This included the landlords who refused to transplant and whose properties had been confiscated by Cromwellian settlers, men who refused to join foreign armies, children from hospitals and workhouses and many prisoners. It was a lucrative business.

The Irish in Barbados Now
Today, behind the facade of a lush green, rural setting, the descendents of those transported still remain – a poor, white population of around 400 known as the Red Legs. During visits in 2000 and 2008 I found a proud and friendly people. But behind their freckled faces was a sadness. It seems that time has not erased the effects of ill treatment and degradation. Their ancestors would have been branded, lashed by planters, mortgaged, sold, gambled or given as debts. They became a wretched, isolated and suppressed community.
History relates that the Red Legs were an ambitionless and lazy group. But, marred by class distinction, afflicted by cruelty, malnutrition, the difficulty of labouring under a strong sun, high susceptibility to and dire effects of infections and diseases, it’s said that it was difficult for members of this community to have any self-respect, let alone have the energy or inclination to work.
Today, most Red Legs have bad or no teeth due to poor diet and lack of dental care. Illnesses and premature deaths due to haemophilia and diabetes have left men blind and without limbs. They are no longer plagued by the old diseases of hookworm, typhoid, and cholera, but school absenteeism, poor health, the ill effects of inter-family marriage, large families, little ownership of land and lack of job opportunities have locked those remaining on the island into a poverty trap. Even today the Red Legs still stand out as anomalies and are hard pressed for survival in a society that has no niche for them.

Wilson and Louise Yearwood live in a small timber house with their daughter, her boyfrind and children (below) Photo: Sheena Jolley

No running water or electricity
Erlene Downie (pic below) left school at the age of 14 when her father died of leukaemia to help raise 11 younger siblings. When we first met in 2000, she had been living alone for 33 years after her husband also died of the disease. She had neither electricity nor running water and fetched water from a standpipe. To earn money she collected coconuts, splitting them with a pickaxe and supplying the husks to a nursery for growing orchids. In 2008, Erlene was living in even worse conditions, in a wooden hut, and still without running water, proper sanitation or electricity. She was sharing this tiny space with a nephew and the youngest of her five children.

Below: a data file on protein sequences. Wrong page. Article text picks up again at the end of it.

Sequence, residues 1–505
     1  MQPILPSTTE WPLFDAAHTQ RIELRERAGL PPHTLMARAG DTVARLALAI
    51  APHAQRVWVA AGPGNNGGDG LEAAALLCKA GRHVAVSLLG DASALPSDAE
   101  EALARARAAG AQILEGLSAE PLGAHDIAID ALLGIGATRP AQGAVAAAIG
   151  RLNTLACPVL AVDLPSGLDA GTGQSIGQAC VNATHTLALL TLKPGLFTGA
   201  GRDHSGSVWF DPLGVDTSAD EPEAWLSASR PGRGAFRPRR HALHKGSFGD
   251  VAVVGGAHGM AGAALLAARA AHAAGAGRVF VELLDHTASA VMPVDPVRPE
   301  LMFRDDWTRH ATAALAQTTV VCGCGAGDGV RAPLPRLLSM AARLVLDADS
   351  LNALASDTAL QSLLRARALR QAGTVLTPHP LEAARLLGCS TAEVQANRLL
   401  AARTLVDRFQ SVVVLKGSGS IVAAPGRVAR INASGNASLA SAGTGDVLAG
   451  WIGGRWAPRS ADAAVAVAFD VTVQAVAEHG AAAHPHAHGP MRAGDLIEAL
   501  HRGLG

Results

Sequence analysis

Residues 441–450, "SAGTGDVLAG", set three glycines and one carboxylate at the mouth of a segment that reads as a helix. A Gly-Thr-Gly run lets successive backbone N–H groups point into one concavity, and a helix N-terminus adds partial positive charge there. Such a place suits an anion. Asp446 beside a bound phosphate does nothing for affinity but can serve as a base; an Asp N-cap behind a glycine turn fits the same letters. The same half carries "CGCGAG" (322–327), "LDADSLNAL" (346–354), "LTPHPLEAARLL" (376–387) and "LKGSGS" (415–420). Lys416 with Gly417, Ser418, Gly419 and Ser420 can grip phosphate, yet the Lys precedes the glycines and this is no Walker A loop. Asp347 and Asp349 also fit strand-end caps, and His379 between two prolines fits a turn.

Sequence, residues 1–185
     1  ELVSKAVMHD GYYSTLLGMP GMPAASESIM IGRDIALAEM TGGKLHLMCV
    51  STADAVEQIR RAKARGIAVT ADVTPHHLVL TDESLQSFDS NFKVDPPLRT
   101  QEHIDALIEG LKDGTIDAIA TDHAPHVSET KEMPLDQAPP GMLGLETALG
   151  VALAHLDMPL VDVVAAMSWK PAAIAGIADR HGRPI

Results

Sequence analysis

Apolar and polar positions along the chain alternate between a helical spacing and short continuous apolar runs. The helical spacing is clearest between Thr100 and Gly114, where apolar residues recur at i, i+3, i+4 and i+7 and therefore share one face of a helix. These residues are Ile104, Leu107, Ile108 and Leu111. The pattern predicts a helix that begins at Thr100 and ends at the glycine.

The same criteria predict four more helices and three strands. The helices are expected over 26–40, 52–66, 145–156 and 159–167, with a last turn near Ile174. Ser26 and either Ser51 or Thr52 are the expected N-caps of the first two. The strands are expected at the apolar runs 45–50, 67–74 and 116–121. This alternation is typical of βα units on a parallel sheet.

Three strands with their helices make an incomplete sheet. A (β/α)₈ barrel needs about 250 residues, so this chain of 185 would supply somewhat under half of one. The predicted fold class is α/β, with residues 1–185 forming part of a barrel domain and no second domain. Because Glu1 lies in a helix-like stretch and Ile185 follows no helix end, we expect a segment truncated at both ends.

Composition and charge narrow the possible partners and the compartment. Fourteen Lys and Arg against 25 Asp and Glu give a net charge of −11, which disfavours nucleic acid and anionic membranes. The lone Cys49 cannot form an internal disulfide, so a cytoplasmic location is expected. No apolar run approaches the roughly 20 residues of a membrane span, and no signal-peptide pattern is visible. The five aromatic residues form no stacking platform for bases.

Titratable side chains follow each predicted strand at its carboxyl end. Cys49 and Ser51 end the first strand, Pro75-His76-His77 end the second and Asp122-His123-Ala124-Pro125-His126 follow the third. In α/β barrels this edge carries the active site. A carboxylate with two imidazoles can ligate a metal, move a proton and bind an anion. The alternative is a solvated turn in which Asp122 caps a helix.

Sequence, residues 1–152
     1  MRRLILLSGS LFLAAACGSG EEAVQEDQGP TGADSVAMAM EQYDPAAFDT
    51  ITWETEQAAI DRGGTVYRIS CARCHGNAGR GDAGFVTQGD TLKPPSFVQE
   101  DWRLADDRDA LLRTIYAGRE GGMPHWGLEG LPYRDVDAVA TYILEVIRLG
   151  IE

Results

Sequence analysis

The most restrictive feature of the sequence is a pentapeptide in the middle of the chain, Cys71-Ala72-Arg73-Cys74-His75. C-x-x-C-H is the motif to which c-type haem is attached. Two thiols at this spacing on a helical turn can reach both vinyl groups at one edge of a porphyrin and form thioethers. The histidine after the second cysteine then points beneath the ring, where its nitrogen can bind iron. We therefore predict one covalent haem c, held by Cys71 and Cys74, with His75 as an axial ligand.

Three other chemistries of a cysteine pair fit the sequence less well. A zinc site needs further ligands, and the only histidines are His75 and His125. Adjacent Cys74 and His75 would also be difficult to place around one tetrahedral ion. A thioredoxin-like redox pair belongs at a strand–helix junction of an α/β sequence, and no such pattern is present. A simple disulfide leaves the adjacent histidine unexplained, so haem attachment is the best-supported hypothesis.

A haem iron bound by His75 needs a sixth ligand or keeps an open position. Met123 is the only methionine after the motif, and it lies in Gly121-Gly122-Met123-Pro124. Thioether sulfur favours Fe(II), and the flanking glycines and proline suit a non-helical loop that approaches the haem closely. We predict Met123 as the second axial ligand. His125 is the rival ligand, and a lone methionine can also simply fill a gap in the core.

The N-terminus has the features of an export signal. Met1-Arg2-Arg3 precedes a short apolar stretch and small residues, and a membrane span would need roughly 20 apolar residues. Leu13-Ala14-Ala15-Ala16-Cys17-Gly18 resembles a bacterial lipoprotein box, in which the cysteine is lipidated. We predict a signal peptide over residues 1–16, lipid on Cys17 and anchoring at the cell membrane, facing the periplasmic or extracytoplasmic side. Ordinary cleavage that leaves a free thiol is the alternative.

The Yearwood family Photo: Sheena Jolley
Eric Bailey with grandaunt Erlene Downie. Eric had ambitions to be a cabinet-maker. Now he works as a labourer on the roads. Photo: Sheena Jolley

! first met Erlene’s great nephew Eric Bailey in 2000 as arather sad and wistful 17-year-old with ambitions of becoming a cabinet-maker. When we met again, he was labouring on the roads. His younger brother Terrence was looking after the ducks, rabbits and pigs.

John Farnum has not worked for many years having had a leg amputated as a result of diabetes and is now virtually blind. He had owned four fishing boats but says he felt his black workers “try to lower the white man” and “decided to sell”. His family makes a scanty livelihood by cultivating small patches of earth growing bananas, yam, potatoes and breadfruit. His stepson Jeffrey helps work the land and spread bagasse, a by-product of sugarcane, used to feed hens.